On completing addiction treatment and leaving rehab, any recovering addict will have one major goal in mind over anything else: avoiding relapse and having to do it all over again. But that can be easier said than done, even after a seemingly effective course of treatment. Addiction can be a tenacious influence in a person’s life, emerging through sudden attacks of cravings when least expected.
To ensure addiction is kept at bay, the recovering addict must develop relapse prevention strategies for long-term sobriety.
Navigating sober living can be more daunting for the recovering addict than they might expect, as the deep grip of addiction can remain in place, hidden away until brought out by certain circumstances or memories. Without proper preparation and coping mechanisms in place, an otherwise apparently random moment can end in relapse when least expected.
It’s just not as simple as resuming daily habits once held before addiction took hold and expecting everything to be as it once was. Addiction can leave deep scars on the psyche and leave recovering addicts vulnerable to impulses and cravings they thought left behind if care is not taken.
So, with these warnings in mind, what can a recovering addict do to develop relapse prevention strategies to ensure the preservation of long-term sobriety?
First, it’s vital for anyone out of rehab to ensure they’re not attempting to reenter the world alone. Without a support network of some form, it’s much more likely a recovering addict will relapse without mental and moral support from friends, family or simply fellow recovering addicts who are working together to resist temptation together. If you don’t have a ready-made support system in place of loved ones, seek out a support group that meets regularly where you can meet with others in the same situation and find help, mentorship and simple companionship in a shared struggle.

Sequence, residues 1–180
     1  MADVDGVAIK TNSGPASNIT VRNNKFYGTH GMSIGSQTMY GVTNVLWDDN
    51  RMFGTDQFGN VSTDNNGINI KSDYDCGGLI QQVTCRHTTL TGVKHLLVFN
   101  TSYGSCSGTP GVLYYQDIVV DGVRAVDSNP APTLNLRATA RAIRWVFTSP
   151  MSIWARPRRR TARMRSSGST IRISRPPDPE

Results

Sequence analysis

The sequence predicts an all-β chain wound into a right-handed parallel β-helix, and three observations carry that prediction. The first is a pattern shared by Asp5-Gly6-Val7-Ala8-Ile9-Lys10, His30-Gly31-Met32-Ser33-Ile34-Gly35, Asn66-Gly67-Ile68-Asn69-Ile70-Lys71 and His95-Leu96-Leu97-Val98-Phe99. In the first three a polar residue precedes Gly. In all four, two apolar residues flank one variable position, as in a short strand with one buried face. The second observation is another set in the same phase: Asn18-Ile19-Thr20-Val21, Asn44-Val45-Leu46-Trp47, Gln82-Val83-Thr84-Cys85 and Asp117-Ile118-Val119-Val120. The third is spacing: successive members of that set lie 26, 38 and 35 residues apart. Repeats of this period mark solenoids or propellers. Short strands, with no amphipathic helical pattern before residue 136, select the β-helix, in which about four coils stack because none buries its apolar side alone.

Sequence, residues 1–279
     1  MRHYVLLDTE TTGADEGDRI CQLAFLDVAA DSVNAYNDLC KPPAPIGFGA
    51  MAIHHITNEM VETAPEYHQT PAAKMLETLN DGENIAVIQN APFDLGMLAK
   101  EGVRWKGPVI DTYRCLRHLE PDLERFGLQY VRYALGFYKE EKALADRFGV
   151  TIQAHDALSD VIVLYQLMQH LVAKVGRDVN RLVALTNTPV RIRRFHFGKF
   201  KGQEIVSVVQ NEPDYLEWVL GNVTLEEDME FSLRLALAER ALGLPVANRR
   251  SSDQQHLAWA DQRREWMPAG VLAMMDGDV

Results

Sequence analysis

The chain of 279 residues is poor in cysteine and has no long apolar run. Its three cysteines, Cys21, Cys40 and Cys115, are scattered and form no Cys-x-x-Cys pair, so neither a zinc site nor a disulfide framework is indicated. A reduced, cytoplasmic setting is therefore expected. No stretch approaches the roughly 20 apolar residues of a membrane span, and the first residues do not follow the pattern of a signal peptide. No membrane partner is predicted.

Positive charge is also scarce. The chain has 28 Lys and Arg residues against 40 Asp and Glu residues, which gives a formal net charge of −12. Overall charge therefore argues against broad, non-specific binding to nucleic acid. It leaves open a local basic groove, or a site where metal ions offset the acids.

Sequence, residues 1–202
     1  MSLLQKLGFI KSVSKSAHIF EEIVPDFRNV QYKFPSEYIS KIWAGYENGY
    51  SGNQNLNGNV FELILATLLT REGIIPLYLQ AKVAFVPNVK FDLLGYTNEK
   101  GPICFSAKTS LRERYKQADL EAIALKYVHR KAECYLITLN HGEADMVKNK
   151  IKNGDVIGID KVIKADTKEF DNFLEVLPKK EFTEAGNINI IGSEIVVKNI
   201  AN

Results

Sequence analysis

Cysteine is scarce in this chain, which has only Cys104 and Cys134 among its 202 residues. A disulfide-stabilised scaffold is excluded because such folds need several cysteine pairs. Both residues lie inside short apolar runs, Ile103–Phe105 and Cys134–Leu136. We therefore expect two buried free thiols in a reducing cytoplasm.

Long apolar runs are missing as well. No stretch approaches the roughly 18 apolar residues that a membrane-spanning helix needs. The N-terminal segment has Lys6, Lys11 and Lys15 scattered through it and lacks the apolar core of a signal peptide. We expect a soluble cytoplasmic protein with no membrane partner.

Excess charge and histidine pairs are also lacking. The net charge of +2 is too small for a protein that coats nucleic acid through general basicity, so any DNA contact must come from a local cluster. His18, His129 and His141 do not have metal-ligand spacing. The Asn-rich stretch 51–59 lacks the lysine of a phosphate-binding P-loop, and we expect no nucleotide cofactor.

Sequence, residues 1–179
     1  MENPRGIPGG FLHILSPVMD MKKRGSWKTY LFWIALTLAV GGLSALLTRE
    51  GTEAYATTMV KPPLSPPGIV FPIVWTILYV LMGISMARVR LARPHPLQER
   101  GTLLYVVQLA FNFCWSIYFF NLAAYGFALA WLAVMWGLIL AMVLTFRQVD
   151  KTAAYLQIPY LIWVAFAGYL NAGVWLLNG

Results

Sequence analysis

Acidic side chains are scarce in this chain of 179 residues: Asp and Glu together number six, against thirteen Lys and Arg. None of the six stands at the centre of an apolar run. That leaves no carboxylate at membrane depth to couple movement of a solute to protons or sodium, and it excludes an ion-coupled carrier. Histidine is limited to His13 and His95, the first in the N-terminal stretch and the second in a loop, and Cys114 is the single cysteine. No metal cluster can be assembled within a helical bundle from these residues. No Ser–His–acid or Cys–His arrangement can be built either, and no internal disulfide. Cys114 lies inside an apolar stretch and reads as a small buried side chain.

You’ll likely need to change up certain habits or routines. Going to some places or participating in some activities may have to end if these things bring about associations with substance abuse. Relationships with people who still participate in substance abuse and could lead to you resuming the same may have to end.
Even with careful preparation and meaningful support, however, a recovering addict will still likely face the occasional craving or temptation to partake in addictive behavior once more. These moments may strike at any moment, unbidden by any conscious connection, so it’s important the recovering addict have a plan in place for such times. You may need to reach out to someone for help in such a moment. You may need to take certain actions, such as doing some sort of mental exercise to resist or indulging in a new hobby to replace the former craving.
The form of such a coping mechanism will vary from person to person. It’s invaluable to start working on such a strategy that works for you individually early, preferably before you’re even done with rehab, so it’s in place when that first craving hits and you’re ready to fight it.
A good rehab facility can help you develop such prevention strategies, such as Good Landing Recovery, which combines clinical treatment with Christian ministry to fight addiction at every level and help the addict find true recovery.